WASHINGTON — The deaths of 22 Marines this week in Iraq, including one more on Thursday, has brought to the surface this tragic fact: that branch of the U.S. military has taken casualties disproportionate to its numbers in Iraq.
The Marines have one of the roughest assignments in Iraq: pacifying the perpetually restive Anbar province, home to Fallujah, Ramadi and Haditha, all sites of heavy American casualties since the insurgency went into high gear last year.
Marines number more than 23,000 out of 138,000 members of the U.S. armed forces in Iraq, or 17 percent. Yet they have lost at least 530 of the more than 1,820 U.S. personnel who have died there, or 29 percent, Marine officials said.
On Thursday, a Marine was killed in Ramadi by small arms fire, the military said. A day earlier, 14 Marines were killed when a roadside bomb detonated under their amphibious assault vehicle in Haditha in western Iraq. Two days before that, seven other Marines died, six in Haditha and one nearby.
The largest single toll for the Marines was last January when a helicopter claimed the lives of 30 Marines and a Navy sailor. The aircraft went down in bad weather, but the military has yet to issue a finding on the cause of the crash.
The Marines stepped up operations in May in hopes of pacifying the Anbar region so Iraqi military and civilian forces could assume effective control. However, government authority in the heavily Sunni Arab region is tenuous.
Some military experts pointed to Wednesday’s attack — the deadliest roadside bombing suffered by American forces in the war — to note the Marines are performing duties somewhat different from those for which they are organized and equipped. The amphibious vehicle, for example, was designed to get troops ashore and is less armored than some other infantry carriers.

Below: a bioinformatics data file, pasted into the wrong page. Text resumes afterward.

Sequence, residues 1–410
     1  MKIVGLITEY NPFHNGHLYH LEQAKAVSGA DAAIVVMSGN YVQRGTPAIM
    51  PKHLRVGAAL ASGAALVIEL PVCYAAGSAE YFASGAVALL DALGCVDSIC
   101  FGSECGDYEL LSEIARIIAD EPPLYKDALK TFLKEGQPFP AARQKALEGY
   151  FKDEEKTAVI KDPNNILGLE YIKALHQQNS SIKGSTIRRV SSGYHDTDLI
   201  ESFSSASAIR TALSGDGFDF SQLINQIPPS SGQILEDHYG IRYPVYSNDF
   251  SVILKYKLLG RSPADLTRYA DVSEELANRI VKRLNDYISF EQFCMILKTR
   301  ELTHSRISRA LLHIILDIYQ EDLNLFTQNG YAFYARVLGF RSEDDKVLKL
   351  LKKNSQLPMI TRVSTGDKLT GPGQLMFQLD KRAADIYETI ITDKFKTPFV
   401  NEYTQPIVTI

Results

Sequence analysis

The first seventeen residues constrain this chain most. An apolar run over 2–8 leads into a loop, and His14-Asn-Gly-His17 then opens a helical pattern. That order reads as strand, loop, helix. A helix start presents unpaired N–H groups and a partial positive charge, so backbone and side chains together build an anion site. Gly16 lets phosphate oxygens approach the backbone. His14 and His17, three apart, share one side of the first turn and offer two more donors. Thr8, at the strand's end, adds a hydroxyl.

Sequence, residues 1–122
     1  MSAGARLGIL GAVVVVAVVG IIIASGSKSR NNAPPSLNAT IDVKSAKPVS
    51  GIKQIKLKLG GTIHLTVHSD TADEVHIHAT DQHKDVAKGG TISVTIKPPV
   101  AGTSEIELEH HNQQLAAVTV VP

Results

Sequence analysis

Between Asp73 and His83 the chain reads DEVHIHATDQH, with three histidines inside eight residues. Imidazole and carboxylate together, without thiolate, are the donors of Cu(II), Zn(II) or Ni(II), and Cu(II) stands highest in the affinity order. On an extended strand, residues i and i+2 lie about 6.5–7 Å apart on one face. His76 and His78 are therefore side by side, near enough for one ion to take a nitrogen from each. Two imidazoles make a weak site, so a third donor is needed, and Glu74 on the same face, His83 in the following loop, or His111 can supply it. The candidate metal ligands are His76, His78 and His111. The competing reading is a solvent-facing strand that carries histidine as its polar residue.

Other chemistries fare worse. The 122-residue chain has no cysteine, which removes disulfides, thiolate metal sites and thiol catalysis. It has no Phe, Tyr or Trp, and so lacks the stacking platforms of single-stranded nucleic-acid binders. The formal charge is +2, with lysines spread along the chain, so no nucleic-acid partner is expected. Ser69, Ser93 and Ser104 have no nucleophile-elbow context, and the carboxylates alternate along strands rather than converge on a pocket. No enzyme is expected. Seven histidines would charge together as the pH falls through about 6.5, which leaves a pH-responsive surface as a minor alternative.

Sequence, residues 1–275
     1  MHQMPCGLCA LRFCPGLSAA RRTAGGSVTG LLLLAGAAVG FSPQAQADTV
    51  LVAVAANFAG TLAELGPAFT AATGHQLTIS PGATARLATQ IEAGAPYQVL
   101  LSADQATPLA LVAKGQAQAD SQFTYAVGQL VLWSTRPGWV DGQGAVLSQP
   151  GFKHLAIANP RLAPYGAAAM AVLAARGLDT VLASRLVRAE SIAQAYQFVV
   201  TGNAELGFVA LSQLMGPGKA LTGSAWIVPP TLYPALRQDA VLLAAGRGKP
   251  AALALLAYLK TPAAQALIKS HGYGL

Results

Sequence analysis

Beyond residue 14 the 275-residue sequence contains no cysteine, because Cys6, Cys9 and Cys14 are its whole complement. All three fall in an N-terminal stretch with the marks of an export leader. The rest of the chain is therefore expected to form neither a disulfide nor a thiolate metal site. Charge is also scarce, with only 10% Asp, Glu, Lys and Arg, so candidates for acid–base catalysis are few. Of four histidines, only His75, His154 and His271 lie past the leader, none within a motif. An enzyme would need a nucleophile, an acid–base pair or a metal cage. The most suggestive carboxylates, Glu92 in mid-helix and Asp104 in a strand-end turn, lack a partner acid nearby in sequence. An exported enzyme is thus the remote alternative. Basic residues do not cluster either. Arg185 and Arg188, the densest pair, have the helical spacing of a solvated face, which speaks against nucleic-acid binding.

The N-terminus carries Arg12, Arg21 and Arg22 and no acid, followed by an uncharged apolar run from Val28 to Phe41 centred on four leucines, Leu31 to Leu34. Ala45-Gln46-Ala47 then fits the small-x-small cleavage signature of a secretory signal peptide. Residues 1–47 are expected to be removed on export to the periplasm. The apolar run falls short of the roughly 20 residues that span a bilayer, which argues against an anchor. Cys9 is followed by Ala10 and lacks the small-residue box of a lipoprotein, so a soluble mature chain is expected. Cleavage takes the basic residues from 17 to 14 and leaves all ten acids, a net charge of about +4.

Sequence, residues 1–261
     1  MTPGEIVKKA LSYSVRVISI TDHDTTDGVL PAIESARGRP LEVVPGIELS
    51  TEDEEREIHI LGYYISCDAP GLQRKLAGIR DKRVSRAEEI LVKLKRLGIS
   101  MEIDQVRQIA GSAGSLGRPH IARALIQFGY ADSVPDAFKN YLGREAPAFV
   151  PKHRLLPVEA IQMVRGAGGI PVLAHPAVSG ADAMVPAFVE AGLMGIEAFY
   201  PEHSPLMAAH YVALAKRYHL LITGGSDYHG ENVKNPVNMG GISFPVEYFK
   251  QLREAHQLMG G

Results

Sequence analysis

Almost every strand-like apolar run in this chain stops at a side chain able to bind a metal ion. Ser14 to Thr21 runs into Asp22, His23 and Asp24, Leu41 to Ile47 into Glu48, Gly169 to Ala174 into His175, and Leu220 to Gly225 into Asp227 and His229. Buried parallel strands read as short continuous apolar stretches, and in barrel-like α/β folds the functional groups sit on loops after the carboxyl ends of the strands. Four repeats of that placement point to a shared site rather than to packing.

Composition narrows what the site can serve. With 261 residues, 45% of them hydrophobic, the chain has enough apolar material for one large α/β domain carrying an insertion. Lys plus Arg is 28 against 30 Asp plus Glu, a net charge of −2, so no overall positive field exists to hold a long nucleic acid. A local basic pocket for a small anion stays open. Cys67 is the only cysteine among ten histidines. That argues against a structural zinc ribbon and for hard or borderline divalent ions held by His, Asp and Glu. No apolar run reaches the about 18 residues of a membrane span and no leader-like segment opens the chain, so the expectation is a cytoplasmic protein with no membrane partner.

Beyond that, occupation and stabilization duties often require expertise and equipment distinct from amphibious assault and the rapid capture of enemy-held territory, experts said.
“The entire Marine force was designed around the concept of amphibious warfare, which is a good deal different from the kind of conflict they’re fighting in Iraq today, hundreds of miles from the sea,” said Loren Thompson of the Lexington Institute think tank. “The Marines are a light force; they kick in the door but they are not supposed to occupy all the rooms.”
From food aid to Fallujah
Still, the service has tried to adapt to changing missions, studying concepts like urban warfare and nonlethal weaponry. Marines took the lead in supplying food during a famine in Somalia in the early 1990s.
Since the invasion of Iraq, the Army’s effort to keep its troops fresh by rotating them in and out of the country has created a need to use the Marines as a stabilization and counterinsurgency force in parts of the country, experts said.
In November, Marines led the assault to retake Fallujah, an insurgent stronghold 40 miles west of Baghdad. They had regular clashes with insurgents there and in nearby Ramadi for months before.
The Marines killed Wednesday were part of a sweep for insurgents in communities along the Euphrates River between Baghdad and the Syrian border.
‘Lethal ... adaptive enemy’
U.S. officials have long complained that American forces seize Sunni areas only to have Iraqi authorities lose them again to the insurgents once American troops leave. Despite those complaints, the Bush administration is talking about handing more security responsibility to the Iraqis and drawing down forces next year.
At the Pentagon, Brig. Gen. Carter Ham said similar operations were under way in several communities at once, to prevent insurgents from skipping to towns without a strong U.S. presence.
He suggested the attacks on the Marines were the insurgents’ response to their stepped-up operations.
“This is a very lethal and unfortunately very adaptable enemy we are faced with,” said Ham, a Pentagon staff officer and former commander of U.S. forces in Mosul, Iraq.
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